What’s maddening is that all I can think to write are clichés—things even MY PARENTS have already said. All the ways I can now relate better to them, in fact. All the signs I am in a new category of old. (The “oldies” station now plays ‘80s music. What?) All the ways I want to live stronger, be adventurous, be truer to myself than I have been. I want to surround myself with the things I’ve always loved—writing, music, nature. I’m even pressuring my husband to move 25 minutes away to a 5-acre property with an old barn.

I want change—I want to hang on to its shoulders and give it a head-butt, grab it before it grabs me. To just move, so I don’t look back and see stagnancy. But I am also savoring my little ones because I have a feeling this, right now, is as good as it gets. And I mean that in the best way possible.

Basically, I’m going through a mid-life crisis and my writer self is rolling her eyes at me. Really? she says. This is so….expected. And unexceptional. 

But still, I think:

Man, it’s going fast.

I can’t believe I used to babysit you!

You’re 40?! I once saw you pee on my bathroom floor in a swimsuit! Aren’t we still those same little girls?

What in the world can I write worth reading that hasn’t been written a thousand times before? This past year, yes, was an absolute mind fuck—from finally accomplishing my “someday” dream of publishing a novel (I did it! I did it!), and then watching it whizz by on its way to the past, where it lodged itself comfortably; to the news that my body carries on a family tradition of not having a certain cancer-fighting gene which, really, would have been nice to have (how lazy can one gene be to not even show up?); to the scary surgery monster of metallic dreams and hollow drips, of pain and awakening realizations that this little, old body can only take so much. And at the same time, how goddamn much it can take.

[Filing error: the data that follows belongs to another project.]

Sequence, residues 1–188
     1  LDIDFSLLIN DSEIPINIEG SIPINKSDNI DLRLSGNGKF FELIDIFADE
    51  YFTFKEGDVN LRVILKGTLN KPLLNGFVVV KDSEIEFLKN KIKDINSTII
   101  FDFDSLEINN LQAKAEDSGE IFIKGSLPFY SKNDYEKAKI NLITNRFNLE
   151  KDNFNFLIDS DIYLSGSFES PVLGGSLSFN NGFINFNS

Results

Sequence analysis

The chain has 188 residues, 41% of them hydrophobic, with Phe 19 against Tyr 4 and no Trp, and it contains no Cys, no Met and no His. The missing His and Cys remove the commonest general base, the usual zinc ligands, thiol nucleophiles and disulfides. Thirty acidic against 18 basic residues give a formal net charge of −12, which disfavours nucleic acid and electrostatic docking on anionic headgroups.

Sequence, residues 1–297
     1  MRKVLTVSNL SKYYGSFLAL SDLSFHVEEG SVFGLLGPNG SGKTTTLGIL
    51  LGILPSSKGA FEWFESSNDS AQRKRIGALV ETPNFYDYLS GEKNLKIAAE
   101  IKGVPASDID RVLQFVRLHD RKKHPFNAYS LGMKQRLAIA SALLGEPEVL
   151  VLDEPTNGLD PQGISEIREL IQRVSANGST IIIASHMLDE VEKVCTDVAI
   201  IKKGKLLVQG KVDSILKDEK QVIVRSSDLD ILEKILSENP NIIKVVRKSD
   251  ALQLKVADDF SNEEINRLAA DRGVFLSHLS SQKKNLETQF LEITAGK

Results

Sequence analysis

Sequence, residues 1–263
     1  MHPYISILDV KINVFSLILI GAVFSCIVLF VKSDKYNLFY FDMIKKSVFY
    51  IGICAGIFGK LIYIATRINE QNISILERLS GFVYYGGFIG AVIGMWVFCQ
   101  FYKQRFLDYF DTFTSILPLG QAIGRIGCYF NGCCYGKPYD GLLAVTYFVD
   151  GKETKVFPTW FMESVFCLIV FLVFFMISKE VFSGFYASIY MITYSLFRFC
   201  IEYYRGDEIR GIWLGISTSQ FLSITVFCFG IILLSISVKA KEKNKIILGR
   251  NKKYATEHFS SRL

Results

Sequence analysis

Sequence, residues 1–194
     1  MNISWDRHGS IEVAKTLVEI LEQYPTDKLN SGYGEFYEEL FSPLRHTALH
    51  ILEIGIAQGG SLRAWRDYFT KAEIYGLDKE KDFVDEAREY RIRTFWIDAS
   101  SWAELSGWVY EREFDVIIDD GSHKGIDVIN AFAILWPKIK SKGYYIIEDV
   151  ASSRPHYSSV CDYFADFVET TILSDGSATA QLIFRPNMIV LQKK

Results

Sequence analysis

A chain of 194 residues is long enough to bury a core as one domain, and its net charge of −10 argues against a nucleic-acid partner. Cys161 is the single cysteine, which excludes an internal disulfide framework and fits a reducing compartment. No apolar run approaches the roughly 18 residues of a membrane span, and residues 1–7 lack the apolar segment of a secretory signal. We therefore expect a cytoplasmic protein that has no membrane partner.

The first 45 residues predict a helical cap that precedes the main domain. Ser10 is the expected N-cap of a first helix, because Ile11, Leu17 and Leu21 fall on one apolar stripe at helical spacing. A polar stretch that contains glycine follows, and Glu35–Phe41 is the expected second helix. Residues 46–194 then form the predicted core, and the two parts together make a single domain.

So this year was a culmination of sorts and a push to a future I have always disliked, one I now reach for and hold on to with tired but strong fingers. Something has shifted in me. I have moved from being a consummate fan of the past with its soft, glowing edges, to a lover of the present and future. It is simply too depressing to focus on what I miss—my babies’ fat wrists and dimpled knuckles, my 1981 Strawberry Shortcake shirt. I am here, now, and will not always be. That is this year’s greatest gift to me: the deep understanding that I am fleeting.

It’s not the years in your life that count. It’s the life in your years. ~Abraham Lincoln

Bring it, future. ~Jessica Vealitzek

39th birthday

The Best Books of 2014

I’m part of a wonderful group of nine women who make weekly reading recommendations–every Wednesday, all year long at Great New Books. It’s the place to go if you’re looking for a good read.

This week, we have our list of the Best Books of 2014. Have you read any? Do you have any to add to our list? Need gift ideas?

Click on the image below to get started!

securedownload